Before I left for Italy, friends and family kept saying “what if you fall in love in Italy and never come back?!” I always just kind of laughed and said that if it happened, I’d be really happy but I wasn’t going to hold my breathe. I wanted to go to Italy without any expectations so I had no chance of being disappointed. And more importantly this was a trip for me and about finding something that I felt like I have been missing… a time to do a little soul searching and be able to be completely happy with myself and my life, just how I wanted it to be. I made my trip so unexpected that I didn’t even know what I wanted to see while I was there. My sister asked me “what are you most excited about and wanting to see?” At first this question made me nervous because to be honest, I didn’t really have an answer (and I’ll always look up to my sister and the thought of telling her “I don’t know” about anything kind of scares me). I wanted to see anything and everything I could in the 9 short weeks I was going to be abroad. When I first got to Europe I thought I wanted to see as much as possible including France, Spain and any other great place. What changed my mind? Well the first week we were there my roommates Amy, Jennifer, Kim and I were all huddled in a restaurant escaping the rain trying to plan our travels for each of the free weekends we had. Jennifer and I were talking about trying to go to Barcelona or Paris. That’s when Kim chimed in and said “You know, I think its my goal to see as much of Italy as I can while we’re here.” My initial thought was “Pshh, how could you not want to see Barcelona or Paris?!” But the more I thought about it, the more I agreed. Why wouldn’t I want to know Italy on a more intimate level? And since that moment, that became my traveling abroad goal. While I was in Italy, I traveled to Rome, Verona, Lake Garda, Venice including Murano and Burano (twice), cinque terre, Pompeii, Capri, Positano, Sorrento, Viareggio, Lucca, Vinci, Milan and Lake Como. I can say that there was something special that I enjoyed about each of those places, all differing in so many ways while maintaining the same culture and general flavor of Italy. And then there was Florence…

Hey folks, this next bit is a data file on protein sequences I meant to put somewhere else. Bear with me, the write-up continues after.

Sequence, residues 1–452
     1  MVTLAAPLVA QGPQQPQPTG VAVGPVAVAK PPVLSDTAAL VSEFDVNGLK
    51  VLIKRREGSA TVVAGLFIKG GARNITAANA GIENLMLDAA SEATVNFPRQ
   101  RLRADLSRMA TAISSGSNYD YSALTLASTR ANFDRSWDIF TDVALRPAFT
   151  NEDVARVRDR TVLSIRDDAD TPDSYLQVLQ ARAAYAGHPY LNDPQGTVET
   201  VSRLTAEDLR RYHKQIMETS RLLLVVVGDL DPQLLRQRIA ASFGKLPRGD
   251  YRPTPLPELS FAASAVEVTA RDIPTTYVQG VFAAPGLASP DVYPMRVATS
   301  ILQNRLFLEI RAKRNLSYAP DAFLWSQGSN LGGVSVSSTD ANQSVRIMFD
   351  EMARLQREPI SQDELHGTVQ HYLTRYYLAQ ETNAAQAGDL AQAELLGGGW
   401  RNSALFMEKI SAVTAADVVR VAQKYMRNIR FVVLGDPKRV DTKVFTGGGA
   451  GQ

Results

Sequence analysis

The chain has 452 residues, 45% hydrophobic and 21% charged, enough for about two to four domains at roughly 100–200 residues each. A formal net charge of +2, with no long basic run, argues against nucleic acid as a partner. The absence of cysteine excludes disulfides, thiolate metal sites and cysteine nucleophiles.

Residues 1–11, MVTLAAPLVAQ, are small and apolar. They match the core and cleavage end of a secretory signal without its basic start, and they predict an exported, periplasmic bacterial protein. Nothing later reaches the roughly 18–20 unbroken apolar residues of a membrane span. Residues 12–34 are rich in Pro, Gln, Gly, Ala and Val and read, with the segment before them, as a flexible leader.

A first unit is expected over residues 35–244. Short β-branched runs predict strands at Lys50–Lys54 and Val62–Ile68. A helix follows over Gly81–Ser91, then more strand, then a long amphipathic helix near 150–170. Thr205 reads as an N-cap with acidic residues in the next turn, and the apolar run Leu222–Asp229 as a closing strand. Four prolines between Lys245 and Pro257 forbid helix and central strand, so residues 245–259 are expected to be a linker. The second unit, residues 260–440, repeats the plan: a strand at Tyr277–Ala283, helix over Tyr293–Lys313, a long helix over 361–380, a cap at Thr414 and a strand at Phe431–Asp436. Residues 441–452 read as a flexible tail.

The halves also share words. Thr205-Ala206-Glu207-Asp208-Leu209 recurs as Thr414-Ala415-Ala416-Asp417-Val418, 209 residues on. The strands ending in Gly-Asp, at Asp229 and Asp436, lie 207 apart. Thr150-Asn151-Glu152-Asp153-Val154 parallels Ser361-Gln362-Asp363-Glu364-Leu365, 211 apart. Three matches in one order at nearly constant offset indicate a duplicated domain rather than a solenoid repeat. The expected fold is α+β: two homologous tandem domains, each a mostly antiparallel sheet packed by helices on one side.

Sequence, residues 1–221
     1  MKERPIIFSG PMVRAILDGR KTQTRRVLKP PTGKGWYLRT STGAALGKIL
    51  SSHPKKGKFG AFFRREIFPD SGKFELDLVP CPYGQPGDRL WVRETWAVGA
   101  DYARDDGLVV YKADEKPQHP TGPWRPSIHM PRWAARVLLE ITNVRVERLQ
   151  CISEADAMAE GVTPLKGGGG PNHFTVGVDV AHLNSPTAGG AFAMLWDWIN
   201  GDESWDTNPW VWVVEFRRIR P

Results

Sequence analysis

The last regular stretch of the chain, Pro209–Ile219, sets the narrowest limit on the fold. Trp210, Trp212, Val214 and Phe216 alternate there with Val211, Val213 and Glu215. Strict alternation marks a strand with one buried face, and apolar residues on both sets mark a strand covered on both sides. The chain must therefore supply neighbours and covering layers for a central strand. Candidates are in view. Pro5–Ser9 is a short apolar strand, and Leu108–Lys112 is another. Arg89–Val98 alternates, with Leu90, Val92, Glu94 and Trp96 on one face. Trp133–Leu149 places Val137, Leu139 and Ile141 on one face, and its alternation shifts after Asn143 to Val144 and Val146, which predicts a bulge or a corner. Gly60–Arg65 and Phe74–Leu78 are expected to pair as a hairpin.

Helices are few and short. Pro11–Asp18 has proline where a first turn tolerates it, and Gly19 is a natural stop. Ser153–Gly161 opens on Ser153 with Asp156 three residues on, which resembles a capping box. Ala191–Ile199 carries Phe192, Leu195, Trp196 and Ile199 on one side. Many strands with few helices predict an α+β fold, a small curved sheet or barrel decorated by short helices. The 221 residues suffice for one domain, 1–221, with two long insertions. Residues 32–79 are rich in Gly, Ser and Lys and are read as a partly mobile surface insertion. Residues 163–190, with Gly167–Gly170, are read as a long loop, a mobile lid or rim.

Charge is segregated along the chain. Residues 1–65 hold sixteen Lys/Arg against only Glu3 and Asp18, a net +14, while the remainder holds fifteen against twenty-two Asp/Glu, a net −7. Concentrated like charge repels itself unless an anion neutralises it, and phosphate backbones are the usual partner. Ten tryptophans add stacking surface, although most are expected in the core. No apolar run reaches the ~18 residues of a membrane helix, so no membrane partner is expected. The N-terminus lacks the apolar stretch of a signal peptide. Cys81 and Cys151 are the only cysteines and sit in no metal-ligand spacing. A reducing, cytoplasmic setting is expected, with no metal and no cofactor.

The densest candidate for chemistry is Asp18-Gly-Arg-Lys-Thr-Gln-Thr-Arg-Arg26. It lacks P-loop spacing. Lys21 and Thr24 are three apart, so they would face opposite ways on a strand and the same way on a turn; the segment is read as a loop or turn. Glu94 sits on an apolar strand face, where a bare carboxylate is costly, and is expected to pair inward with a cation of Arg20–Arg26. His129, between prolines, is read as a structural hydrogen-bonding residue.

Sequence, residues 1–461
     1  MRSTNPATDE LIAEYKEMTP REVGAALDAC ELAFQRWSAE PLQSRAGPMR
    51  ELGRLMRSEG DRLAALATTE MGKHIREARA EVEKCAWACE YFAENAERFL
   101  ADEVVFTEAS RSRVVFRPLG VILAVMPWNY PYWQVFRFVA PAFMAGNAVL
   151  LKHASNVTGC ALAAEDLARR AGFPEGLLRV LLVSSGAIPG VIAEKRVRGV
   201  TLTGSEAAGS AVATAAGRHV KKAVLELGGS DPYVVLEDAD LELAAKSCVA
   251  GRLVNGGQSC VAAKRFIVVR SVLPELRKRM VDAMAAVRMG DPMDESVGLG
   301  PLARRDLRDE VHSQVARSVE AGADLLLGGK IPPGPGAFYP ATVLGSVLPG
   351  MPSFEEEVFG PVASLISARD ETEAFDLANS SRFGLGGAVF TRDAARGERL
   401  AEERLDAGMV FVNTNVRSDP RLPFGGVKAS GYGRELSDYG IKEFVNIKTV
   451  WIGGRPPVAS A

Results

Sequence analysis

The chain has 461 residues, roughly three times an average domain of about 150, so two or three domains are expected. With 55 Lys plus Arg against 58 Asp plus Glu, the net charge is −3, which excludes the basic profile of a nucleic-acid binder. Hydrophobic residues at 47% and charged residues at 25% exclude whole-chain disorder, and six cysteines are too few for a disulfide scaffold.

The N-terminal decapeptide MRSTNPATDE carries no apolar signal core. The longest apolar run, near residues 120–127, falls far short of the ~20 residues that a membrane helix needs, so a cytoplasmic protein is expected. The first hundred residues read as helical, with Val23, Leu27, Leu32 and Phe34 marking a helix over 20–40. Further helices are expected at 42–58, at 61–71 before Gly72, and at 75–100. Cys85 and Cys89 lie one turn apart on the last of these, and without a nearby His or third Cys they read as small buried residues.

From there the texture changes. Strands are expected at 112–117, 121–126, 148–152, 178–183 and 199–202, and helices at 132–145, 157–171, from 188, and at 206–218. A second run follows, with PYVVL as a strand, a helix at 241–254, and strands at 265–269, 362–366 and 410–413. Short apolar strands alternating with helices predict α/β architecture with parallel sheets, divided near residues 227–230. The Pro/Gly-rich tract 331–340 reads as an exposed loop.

One of my first days in Italy
Burano- My all time favorite gem of the country
Vernazza in Cinque Terre
Us girls in Pompeii
Me atop the Duomo in Milan
When I first arrived to Florence, I didn’t quite understand what all the buzz was about. It seemed great but exactly what made it so great wasn’t all that apparent to me. Starting with my travel photography class, I stated capturing Florence through my camera lens. Slowly becoming more and more acquainted with the city from a perspective that was a lot more creative and intriguing than that of a tourist. Moving to Florence was somewhat similar to dating a new boyfriend. I began to find all the small beautiful things about the city. Fun architectural details, cute little leather shops and beautiful people that were simply living their daily lives in their natural habitat.
Most beautiful sunset I've ever seen.
My photography class
One of my photos for my final. Its a self portrait. Can you find me? :)